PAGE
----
Modeling discourse about rape that is at once direct and nuanced, unblinking yet subtle, Abdulali tackles the complexities of sexual violence head-on, rightly criticizing simplistic shibboleths. For example, she encourages survivors to talk about their rapes, yet she recognizes that “telling” is sometimes costly and “doesn’t always come with a reward: comfort, closure, justice.” Abdulali acknowledges that when discussing her own rape, she has sometimes worried that people think she should just get over it. The author insightfully asks whether the “yes means yes and no means no” model adequately accounts for a woman who “chooses” to be raped over being killed or a woman who “give[s] in” to a man who holds power in her professional world. Abdulali also calls attention to the “institutional…scaffolding” that allows “abuse to flourish”—e.g., the family systems, political and economic arrangements, and workplace norms that deprive women of meaningful agency and that sometimes reward women for going along with systems that are ultimately disempowering.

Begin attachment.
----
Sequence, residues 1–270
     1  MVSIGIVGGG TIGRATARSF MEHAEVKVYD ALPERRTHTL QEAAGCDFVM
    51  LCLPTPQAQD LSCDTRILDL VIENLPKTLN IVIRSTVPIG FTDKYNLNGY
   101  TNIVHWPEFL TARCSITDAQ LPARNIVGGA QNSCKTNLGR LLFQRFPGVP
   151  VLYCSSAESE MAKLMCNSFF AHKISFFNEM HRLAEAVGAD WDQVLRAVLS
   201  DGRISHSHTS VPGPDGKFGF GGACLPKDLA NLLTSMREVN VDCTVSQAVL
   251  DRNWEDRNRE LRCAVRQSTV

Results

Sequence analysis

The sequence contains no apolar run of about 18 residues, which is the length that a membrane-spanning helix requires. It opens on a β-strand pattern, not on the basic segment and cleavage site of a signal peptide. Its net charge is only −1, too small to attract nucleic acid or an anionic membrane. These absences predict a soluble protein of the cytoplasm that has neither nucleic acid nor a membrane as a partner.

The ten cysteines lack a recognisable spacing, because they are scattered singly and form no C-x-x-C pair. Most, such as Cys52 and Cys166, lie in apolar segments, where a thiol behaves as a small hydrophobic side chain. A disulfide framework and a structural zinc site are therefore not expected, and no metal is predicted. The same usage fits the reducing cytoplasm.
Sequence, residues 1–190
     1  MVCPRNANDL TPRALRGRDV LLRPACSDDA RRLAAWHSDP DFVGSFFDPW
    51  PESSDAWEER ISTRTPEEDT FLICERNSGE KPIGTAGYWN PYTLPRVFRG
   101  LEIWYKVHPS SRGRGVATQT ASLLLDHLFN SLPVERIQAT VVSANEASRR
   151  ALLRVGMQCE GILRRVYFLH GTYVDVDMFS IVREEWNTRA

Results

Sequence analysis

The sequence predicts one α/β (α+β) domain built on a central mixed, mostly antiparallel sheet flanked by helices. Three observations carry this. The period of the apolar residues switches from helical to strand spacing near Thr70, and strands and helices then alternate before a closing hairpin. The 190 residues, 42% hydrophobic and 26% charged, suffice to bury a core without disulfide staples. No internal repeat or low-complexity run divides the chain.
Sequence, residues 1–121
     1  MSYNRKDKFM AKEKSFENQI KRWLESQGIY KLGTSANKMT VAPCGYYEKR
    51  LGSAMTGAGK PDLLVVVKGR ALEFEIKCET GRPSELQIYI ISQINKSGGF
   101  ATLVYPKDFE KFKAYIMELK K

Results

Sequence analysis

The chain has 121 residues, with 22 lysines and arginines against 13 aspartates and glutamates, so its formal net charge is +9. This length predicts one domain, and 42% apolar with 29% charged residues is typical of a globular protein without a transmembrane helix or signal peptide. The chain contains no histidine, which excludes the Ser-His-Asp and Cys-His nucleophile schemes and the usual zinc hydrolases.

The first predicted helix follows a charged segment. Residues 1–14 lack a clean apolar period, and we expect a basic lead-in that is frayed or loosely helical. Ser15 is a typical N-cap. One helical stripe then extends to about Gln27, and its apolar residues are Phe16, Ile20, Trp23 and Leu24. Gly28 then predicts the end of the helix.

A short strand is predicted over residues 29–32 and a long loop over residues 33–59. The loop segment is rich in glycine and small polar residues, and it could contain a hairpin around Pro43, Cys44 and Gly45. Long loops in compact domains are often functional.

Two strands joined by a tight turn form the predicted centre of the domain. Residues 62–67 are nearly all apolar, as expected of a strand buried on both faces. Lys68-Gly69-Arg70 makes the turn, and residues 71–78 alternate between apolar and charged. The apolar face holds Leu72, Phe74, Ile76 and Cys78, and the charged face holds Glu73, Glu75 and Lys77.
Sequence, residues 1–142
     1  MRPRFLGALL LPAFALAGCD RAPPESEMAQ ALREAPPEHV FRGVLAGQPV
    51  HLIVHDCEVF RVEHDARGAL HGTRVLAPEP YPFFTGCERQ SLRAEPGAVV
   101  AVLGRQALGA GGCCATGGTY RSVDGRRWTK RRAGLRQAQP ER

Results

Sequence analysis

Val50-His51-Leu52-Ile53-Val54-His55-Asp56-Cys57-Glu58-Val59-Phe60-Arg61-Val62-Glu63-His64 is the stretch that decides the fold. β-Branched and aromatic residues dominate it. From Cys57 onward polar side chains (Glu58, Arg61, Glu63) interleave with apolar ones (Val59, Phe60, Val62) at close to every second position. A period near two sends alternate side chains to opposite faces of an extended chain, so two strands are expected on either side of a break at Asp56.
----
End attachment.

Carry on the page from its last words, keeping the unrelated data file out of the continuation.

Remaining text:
Recommended by Kirkus Reviews